Directors with Cult Status: Others
In the ultra-low-budget, spooky B horror film Carnival of Souls (1962) by Harold (Herk) Harvey, a young woman wandered into a Kansas town after a near-fatal car accident into a river, where she confronted nightmarish circumstances - dancing dead people. Director Mark Robson's infamous, trashy and vulgar expose, Valley of the Dolls (1967), based on the best-selling novel by Jacqueline Susann, was a horrible, unintentionally funny soap-opera with bad dialogue about the lives of three aspiring women (Barbara Parkins, an overwrought Patty Duke, and Sharon Tate) whose careers became mired in drugs and alcohol.
One excessive film that came close to equaling the degree of techno-horror found elsewhere was the black comedy Re-Animator (1985), an outrageous zombie film that answered the question: "Can a severed head make love?" Tobe Hooper's very early, low-budget slasher film The Texas Chainsaw Massacre (1974) dramatized in documentary-style (since it was based on the real-life murder spree of Ed Gein) the terrorizing of a group of hippies by a clan of cannibalistic freaks (led by Leatherface) in the Texas badlands.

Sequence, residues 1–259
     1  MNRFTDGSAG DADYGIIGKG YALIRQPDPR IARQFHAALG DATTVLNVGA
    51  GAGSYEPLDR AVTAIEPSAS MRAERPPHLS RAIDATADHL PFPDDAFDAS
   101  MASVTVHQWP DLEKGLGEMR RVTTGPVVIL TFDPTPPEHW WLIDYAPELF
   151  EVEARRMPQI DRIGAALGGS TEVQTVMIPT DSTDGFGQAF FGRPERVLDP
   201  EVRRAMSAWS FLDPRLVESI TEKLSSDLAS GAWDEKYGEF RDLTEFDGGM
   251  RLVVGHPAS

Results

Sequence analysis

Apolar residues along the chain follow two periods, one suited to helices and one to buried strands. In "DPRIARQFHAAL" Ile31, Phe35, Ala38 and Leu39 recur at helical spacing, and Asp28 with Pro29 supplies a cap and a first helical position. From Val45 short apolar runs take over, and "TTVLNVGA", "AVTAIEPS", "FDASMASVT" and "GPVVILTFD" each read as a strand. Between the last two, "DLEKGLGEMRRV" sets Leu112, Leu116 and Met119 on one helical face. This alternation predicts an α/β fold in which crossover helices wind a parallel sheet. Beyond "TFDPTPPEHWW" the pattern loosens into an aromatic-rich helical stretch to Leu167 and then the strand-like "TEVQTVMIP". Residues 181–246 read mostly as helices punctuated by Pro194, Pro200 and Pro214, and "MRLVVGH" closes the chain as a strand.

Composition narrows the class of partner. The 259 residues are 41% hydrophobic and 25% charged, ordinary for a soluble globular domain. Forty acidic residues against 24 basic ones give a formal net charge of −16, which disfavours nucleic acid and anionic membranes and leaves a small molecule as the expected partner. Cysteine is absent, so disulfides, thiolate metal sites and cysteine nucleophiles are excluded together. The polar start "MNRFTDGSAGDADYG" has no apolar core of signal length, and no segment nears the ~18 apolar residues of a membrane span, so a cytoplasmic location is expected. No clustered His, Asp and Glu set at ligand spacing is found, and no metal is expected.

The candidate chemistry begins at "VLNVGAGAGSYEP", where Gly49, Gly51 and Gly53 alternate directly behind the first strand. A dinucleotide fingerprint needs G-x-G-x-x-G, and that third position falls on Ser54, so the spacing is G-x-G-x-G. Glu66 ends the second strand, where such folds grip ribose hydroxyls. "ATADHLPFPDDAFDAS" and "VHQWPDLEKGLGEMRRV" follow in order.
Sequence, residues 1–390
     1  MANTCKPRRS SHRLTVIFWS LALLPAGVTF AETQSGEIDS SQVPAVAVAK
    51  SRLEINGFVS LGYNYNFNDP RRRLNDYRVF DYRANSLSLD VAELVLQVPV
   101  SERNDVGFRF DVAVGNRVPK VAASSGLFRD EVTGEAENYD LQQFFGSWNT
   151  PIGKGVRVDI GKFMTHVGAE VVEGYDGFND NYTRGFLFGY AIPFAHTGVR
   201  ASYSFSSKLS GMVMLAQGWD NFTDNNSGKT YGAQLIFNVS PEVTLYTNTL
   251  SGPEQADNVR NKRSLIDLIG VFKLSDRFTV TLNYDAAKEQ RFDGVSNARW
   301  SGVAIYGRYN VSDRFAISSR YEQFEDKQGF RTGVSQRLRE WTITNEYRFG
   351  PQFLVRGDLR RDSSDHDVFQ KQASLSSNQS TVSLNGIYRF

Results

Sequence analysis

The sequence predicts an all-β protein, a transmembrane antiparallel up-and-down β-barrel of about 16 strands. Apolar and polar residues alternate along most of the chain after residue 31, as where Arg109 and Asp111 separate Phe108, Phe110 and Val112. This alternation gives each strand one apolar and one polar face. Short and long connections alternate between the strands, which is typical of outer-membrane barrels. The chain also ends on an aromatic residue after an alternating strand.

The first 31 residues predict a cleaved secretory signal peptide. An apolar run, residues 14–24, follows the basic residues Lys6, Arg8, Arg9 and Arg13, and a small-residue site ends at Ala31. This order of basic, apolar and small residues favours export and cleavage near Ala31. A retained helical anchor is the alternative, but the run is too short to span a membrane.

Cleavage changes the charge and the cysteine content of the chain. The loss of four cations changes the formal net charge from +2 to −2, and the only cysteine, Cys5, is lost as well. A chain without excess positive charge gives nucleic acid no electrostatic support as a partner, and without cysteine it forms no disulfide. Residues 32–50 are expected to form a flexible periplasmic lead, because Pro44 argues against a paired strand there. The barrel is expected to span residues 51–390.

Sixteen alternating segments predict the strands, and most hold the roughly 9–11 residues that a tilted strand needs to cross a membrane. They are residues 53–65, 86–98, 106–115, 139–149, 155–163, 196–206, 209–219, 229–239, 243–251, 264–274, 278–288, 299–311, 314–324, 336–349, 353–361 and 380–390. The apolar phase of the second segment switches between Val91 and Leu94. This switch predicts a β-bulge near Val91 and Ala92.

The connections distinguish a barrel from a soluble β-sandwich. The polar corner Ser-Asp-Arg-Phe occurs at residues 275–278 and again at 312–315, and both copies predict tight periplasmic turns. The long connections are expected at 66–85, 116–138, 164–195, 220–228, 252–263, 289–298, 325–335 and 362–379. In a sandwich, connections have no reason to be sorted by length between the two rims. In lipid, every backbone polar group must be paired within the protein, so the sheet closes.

Additional cult favorites include the quirky, nihilistic and lunatic sci-fi comedy by Alex Cox, Repo Man (1984), a story about an LA teenage punkrocker who is apprenticed in the craft of repossessing cars - in particular, the tracking down of a 1964 Chevy Malibu; or Tim Burton's directorial debut film Pee Wee's Big Adventure (1985), an odyssey of nerdish, boy-man Pee Wee's search for his Red Rocket bicycle in the basement (!) of the Alamo; or Martha Coolidge's Real Genius (1985), a witty tale of campus physics nerds whose experiments are unwittingly being used for a US government death weapon; or the silly horror spoof Attack of the Killer Tomatoes (1979).